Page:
Though it’s early in the cotton growing season, the factors to be considered when deciding when and how much plant growth regulator to apply are already at play in many fields.
Past research has shown that there’s no interaction between plant growth regulator and nitrogen application strategies on yield and fiber quality, says Dale Monks, Alabama Cooperative Extension System cotton specialist.
“Those are two separate issues, but you’ve got to consider the variety you’re growing, and you’ve got to know your nitrogen status before you can begin your PGR application. If we wait until first bloom before we decide how we’re going to manage that plant, it’s too late if it’s an aggressively growing plant. It’s hard to slow down,” says Monks.
But in parts of the Cotton Belt, some growers are putting extremely high rates of PGR on taller, aggressive cotton varieties, he says. “You have to start early, and the nitrogen level of the crop does come into play. But it’s not a good idea to attempt to control plant height with nitrogen. Put out nitrogen for yield, and then deal with plant height based on the variety and conditions. Look at the status of the plant and how it’s growing,” says Monks.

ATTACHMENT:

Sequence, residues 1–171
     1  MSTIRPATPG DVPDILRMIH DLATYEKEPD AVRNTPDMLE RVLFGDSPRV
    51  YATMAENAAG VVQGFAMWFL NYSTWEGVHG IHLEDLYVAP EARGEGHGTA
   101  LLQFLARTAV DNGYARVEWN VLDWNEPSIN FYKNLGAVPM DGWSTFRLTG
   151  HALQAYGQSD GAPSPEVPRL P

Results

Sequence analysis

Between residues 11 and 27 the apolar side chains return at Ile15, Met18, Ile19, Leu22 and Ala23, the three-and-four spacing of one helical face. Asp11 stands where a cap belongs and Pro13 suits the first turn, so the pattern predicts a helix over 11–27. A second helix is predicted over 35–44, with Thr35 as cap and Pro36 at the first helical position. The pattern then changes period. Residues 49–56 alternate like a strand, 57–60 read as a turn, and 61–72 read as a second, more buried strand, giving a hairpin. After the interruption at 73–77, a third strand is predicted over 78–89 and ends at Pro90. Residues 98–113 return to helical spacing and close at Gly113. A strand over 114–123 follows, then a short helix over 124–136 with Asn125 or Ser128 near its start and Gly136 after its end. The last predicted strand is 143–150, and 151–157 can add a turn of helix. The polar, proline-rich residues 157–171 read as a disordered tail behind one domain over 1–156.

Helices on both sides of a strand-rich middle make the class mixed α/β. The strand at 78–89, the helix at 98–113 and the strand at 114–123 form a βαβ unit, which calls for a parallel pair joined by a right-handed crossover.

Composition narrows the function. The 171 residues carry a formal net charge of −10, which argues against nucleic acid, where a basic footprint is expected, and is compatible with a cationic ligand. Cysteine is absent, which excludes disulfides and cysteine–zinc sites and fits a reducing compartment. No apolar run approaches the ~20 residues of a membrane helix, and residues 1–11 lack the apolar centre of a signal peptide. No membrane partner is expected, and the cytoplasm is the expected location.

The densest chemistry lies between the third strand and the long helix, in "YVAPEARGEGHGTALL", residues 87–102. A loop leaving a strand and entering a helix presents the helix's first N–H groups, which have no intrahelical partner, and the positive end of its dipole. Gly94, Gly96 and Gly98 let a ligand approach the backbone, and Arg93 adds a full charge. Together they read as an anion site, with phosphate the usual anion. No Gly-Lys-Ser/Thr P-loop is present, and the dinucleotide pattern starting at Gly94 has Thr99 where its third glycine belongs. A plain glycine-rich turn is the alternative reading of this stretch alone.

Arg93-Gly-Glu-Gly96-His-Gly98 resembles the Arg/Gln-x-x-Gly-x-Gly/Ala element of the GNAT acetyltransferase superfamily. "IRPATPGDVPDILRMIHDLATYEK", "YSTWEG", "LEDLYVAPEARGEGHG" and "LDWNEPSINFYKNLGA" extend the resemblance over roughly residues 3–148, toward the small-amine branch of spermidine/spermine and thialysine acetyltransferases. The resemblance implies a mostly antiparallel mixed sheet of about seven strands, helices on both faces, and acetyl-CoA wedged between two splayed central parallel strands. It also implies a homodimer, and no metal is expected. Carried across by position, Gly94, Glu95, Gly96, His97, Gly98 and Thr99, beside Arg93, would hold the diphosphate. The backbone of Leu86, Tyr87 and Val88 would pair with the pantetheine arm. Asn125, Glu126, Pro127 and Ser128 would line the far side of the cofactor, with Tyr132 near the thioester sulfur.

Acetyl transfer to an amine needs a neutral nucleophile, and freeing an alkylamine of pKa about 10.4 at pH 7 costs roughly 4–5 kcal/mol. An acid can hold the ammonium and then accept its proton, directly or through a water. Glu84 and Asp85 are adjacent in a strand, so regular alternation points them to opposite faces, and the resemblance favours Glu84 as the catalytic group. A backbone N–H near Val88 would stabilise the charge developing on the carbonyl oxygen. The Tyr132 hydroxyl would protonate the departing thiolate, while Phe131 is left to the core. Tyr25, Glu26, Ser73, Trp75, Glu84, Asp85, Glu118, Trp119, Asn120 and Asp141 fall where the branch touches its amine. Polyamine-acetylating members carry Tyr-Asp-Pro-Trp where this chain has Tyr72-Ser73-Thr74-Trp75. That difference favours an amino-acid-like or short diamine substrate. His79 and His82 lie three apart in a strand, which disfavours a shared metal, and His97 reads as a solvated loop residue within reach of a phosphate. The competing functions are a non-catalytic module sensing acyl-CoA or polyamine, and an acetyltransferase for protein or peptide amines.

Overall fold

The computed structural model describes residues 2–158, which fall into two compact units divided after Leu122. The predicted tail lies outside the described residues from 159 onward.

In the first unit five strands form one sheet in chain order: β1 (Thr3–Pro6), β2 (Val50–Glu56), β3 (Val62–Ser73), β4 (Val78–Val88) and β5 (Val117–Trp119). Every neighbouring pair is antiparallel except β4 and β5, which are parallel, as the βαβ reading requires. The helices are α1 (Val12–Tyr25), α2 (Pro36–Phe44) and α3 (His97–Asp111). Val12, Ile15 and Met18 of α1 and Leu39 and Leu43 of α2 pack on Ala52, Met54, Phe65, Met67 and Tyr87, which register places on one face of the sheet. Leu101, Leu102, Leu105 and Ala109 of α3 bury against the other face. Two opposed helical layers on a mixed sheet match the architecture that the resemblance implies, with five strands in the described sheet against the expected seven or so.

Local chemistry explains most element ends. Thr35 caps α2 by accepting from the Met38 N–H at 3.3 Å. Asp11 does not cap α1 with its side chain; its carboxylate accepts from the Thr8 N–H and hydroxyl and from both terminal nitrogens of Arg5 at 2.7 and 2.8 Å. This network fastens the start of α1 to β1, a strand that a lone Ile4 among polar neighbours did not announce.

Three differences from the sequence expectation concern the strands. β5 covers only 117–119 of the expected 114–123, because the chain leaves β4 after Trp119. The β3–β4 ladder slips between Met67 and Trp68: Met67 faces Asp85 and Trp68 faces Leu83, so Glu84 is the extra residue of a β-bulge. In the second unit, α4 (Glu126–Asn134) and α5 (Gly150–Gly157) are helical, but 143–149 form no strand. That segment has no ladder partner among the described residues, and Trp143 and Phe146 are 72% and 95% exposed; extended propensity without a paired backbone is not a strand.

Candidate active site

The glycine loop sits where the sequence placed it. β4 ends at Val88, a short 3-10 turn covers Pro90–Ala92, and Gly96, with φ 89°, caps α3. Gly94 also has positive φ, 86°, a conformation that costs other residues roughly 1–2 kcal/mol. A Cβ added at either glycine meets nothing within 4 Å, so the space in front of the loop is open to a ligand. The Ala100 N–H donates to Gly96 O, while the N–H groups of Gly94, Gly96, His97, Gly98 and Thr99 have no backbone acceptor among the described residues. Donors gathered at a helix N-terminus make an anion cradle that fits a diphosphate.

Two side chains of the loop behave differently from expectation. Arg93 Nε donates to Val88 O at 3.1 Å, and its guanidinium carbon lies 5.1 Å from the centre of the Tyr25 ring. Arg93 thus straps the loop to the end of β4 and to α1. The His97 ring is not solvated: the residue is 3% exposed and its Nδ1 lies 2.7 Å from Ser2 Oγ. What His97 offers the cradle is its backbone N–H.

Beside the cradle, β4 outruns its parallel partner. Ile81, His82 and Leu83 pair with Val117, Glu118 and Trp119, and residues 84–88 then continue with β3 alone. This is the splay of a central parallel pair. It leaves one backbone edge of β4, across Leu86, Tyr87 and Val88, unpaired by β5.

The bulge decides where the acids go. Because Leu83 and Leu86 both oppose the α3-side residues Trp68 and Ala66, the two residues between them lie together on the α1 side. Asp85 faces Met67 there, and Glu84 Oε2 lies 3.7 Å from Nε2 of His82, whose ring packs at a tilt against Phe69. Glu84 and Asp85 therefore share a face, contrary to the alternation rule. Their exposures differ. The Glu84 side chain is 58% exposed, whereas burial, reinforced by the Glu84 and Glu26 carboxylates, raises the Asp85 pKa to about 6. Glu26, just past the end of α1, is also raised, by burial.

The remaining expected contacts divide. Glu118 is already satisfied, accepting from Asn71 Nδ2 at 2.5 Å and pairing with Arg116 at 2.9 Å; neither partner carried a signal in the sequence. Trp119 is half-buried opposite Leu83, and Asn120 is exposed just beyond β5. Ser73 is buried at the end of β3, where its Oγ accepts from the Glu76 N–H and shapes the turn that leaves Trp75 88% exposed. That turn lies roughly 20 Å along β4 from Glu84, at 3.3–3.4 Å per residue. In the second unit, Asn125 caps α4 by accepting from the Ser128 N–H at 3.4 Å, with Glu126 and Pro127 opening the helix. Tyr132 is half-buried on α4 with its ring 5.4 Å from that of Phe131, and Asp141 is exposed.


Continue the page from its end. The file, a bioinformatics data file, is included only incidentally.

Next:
Plant growth regulators include traditional mepiquat or mepiquat chloride products. “Whenever you use a generic product in an effort to save money, check the formulation. Is the formulation 4 pounds per gallon or 2 pounds per gallon? It my be cheaper, but then you have to use twice as much. Some generics are not formulated quite the same,” he says.
Most growers, says Monks, know where they will have problems with rank cotton, and they try to control it.
The amount of nitrogen applied to cotton certainly is a factor, he adds. “The problem last year is that we had a lot of sidedress applications that went out really late. We just couldn’t get into the field. In the Wiregrass region of Alabama, it was rainy and cloudy for 59 days straight, and we all know that cotton responds to sunlight.
“And it’s not just daylight – it’s the quality of sunlight that we’re looking for. Last year, we ended up not being able to get into the fields, and some of those nitrogen applications went out late. Where some went out early, we weren’t sure what was left after all the rainfall. When you’ve had water standing for a few days, do you assume it’s all gone? Do you put out the full load again or part of it?”
Monks notes that even in a year of excessive rainfall in areas, Alabama growers still made good state yield average in 2013 of about 820 pounds.
“We’re in an era now where the new cotton varieties are in the ‘elite’ level. In Alabama, if we get the rainfall, it’ll take our yields up. If we have had the rainfall with clear skies in 2014, we could easily hit over 2 bale/acre yields, just like in 2013.”